I have finally finished this book, and feel I owe Craig Taylor a review, especially since it is a good one.
I began this book with the feeling that Taylor was making a lot of pretty obvious points, nothing that I hadn't heard before. Then I shook myself and said that of course this material was obvious to me; if it wasn't, then my reading on the subject of chivalry over the last 15 years was seriously defective.
As the book progressed, it became filled with material that was not so obvious. Taylor carefully analyzes the different perspectives on chivalry that existed during the Hundred Years War, describing the tensions between various points of view held by various observers of wartime France. This approach is very congenial to me; I find that in the short-term at least social or historical debates do not come to a neat conclusion; tensions between various participants continue to affect social debates for a long time, because they reflect important aspects of the structure of society.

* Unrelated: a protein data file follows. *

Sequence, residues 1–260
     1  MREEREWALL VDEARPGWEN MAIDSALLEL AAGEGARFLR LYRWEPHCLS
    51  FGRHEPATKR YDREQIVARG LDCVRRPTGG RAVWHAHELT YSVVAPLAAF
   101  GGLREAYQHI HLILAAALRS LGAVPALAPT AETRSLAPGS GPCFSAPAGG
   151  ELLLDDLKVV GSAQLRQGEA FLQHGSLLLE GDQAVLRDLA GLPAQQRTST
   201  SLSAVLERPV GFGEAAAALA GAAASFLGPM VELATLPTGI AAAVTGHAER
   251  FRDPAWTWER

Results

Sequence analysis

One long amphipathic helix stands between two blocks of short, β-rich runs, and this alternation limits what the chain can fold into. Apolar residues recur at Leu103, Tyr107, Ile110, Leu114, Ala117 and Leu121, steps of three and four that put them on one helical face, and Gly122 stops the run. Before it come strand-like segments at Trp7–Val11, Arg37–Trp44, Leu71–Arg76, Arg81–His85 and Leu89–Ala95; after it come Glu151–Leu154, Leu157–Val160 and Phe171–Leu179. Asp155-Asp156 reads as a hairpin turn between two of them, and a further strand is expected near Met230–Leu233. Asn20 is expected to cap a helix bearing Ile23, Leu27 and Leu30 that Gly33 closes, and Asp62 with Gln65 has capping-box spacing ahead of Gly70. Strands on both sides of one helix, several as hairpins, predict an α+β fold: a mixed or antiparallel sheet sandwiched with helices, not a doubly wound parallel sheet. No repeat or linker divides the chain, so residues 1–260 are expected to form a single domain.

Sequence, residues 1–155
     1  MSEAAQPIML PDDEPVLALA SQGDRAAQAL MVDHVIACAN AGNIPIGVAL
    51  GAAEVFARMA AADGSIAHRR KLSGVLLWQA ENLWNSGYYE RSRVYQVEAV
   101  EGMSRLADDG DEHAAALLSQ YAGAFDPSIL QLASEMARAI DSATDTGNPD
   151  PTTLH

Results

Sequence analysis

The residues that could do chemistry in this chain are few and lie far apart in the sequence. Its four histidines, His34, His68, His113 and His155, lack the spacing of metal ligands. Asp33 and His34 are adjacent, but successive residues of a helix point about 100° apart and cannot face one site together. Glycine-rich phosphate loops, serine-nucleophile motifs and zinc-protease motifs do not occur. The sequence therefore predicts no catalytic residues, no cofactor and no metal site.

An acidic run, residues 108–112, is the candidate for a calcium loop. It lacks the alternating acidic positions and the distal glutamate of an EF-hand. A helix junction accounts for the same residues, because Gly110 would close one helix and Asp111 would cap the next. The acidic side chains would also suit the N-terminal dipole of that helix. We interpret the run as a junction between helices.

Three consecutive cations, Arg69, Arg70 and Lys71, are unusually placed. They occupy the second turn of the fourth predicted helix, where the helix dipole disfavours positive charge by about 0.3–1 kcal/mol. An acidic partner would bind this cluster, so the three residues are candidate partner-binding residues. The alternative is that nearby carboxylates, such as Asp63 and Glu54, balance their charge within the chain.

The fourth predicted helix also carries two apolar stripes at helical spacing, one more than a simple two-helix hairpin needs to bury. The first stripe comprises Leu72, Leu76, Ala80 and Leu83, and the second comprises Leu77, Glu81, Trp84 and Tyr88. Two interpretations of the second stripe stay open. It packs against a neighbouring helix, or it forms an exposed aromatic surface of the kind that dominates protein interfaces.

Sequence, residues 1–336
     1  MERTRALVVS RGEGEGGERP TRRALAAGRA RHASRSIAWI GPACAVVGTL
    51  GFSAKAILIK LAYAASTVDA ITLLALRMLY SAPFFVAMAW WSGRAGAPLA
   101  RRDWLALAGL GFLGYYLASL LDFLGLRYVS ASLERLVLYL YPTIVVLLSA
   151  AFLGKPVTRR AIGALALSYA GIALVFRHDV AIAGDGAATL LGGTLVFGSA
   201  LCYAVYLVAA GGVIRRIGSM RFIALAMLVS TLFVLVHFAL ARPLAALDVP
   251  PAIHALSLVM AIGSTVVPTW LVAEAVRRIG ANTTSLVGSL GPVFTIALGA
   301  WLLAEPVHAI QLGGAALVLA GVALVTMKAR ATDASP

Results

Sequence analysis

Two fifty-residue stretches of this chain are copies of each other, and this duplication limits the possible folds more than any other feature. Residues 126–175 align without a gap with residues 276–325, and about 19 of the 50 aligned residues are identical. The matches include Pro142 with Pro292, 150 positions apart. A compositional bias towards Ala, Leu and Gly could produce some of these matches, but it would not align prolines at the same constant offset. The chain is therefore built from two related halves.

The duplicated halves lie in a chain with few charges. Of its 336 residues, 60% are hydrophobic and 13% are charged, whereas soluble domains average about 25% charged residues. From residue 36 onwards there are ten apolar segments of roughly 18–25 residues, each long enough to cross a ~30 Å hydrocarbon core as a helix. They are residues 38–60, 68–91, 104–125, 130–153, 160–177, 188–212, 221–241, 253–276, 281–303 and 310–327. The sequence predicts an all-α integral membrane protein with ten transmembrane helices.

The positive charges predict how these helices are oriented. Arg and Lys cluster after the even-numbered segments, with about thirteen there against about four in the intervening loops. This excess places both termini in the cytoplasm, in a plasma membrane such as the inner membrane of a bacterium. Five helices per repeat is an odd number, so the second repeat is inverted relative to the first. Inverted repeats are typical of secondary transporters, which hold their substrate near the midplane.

Although this is a good review it will remain short one. I will just list some of the chapter titles to indicate where Taylor thinks the important debates were located.
Prowess and loyalty
Mercy (part I): soldiers
Mercy (part II): civilians and noncombatants
Wisdom and prudence
If you have a serious interest in medieval chivalry, you will not want to miss what Taylor has to say on these subjects. At the very least it will clarify some important issues for you.